Friday, August 22, 2008

'War,' What is it Good for?

Quick post: Are there any necessary and sufficient conditions that will allow a definitive answer to the questions, are such and such states at war?

Of course, there is a simple answer to the question, which recognizes that ‘war’ is a performative concept, like marriage, such that it is both a necessary and sufficient conditions for two states to be at war iff the relevant sovereign powers have declared war on the other state. But this is not very philosophically interesting, and not very useful. There are times when we would still like to pose meaningfully the question, even if these conditions are not met, and vice versa (see the Vietnam ‘Conflict,’ on the one hand, and the phoney ‘war,’ on the other).

This is not just an interesting matter in historiography, but has important moral implications. Many people argue that war is such a morally dangerous state for nations to enter that it requires its own moral status and theory (‘just war’ theory—books are written on this, unlike, say, ‘just trade theory’). Many of those who make these sorts of argument go on to say that it is worth suffering some severe economic, political, physical and moral hardship just for the sake of not entering that state. For instance, we might recognize that state X poses real dangers to state Y, that state X is dictatorial, oppressive, violent, that its citizens suffer extraordinary hardship under the current regime, and we might believe that a war would be effective at deposing this leader and relieving the suffering of these people—but because war is an extreme moral evil, it is not worth taking this moral risk.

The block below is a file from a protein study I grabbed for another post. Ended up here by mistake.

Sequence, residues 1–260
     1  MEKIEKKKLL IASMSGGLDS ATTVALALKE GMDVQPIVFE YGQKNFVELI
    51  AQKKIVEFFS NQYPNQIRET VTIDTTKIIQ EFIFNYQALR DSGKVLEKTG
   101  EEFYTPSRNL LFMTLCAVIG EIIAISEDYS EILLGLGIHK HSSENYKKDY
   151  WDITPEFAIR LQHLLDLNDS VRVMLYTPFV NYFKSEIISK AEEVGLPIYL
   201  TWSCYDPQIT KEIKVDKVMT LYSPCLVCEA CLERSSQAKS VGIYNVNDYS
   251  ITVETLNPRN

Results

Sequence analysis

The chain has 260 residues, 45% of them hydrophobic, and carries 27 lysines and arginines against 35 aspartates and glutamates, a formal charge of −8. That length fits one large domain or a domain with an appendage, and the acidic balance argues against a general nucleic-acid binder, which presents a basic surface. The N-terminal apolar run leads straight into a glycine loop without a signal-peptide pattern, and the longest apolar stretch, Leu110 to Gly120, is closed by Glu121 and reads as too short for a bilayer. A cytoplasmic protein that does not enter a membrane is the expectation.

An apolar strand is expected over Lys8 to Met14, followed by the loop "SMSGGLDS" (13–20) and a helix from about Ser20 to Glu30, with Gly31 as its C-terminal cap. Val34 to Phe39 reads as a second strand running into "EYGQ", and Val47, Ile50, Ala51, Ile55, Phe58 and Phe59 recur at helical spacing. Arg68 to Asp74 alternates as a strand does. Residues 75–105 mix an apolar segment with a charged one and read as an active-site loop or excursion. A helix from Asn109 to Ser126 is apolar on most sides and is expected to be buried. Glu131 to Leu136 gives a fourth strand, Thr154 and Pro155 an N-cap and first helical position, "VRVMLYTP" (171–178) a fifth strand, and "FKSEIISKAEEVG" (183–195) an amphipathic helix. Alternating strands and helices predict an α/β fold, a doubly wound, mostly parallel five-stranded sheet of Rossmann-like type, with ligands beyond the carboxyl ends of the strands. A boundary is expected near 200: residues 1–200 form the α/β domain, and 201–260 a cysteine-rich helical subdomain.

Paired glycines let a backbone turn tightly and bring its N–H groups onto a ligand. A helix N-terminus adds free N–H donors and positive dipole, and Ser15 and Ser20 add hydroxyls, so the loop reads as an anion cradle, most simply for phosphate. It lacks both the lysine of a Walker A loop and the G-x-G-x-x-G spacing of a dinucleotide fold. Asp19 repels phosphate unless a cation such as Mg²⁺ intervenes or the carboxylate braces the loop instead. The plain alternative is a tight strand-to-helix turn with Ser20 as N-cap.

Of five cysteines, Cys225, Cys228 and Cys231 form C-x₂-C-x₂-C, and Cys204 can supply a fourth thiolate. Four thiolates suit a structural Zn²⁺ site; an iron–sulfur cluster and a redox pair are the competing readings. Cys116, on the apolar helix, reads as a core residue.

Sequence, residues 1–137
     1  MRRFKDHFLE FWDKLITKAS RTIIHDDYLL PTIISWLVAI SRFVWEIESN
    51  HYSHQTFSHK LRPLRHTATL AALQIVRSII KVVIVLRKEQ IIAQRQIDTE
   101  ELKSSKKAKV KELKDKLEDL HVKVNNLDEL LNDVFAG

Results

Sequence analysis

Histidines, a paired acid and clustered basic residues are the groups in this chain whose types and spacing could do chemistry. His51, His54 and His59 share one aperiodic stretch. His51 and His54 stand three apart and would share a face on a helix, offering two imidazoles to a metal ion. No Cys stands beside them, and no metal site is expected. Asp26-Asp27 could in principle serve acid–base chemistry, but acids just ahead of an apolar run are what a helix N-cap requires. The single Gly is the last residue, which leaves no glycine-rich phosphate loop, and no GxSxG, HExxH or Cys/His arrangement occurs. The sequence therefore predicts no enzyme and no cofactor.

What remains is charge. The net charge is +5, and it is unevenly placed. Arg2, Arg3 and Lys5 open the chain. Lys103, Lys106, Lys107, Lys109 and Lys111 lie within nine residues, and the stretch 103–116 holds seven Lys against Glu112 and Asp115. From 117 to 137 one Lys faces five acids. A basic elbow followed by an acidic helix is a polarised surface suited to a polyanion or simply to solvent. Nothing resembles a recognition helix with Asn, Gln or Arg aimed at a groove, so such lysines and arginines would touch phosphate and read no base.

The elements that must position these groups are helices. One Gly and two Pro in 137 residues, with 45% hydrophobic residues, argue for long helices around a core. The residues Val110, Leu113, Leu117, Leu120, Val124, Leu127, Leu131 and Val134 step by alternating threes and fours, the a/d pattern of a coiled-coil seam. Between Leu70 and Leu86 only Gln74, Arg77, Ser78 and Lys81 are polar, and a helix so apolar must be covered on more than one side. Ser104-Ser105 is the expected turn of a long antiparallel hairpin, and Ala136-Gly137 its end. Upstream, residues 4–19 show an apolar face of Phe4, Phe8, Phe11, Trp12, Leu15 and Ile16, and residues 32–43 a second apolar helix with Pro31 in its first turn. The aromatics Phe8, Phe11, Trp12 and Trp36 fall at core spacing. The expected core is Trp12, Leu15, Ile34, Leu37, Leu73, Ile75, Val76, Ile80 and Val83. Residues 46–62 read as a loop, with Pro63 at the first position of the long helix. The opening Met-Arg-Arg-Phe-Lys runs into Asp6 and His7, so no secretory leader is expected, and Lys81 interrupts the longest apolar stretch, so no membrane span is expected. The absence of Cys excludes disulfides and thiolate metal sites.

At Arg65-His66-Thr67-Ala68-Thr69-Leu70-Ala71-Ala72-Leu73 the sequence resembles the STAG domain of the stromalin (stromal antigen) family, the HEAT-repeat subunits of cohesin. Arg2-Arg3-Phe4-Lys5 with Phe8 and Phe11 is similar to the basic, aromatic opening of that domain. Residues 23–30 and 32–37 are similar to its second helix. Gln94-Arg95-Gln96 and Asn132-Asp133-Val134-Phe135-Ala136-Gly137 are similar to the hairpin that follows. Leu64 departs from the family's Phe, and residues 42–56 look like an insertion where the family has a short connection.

Now, if you agree with Clausewitz that ‘war is just politics by other means,’ this sort of position will seem either silly or itself quite evil. Take a moral principle of Singer’s: if it is in our power to prevent something bad from happening, without thereby sacrificing anything of comparable moral worth, then we ought, morally, to do it.” Following this principle, war might be the only morally correct response to situations such as posed above. Anti-war proponents of the sort mentioned would have to make an argument to the effect that war, is, in fact, a sacrifice of comparable (indeed, more so) moral worth, if war is to be avoided in the situtation described.

What is that argument? One might point to the fact that war is necessarily violent, but so is starvation and execution and ethnic cleansing. If it comes to comparing the plausible violent outcomes of the two courses of action, then we’ve already ceded our ground on war as having a particularly heinous moral property—violence is the morally heinous property, and whatever lessens that is the right course of action. Anyway, I actually starte this post with another thought in mind, but I’ll get to that in a later post, cuz I gotta run. It concerns whether there is in fact any useful definition of war besides the obvious performative.

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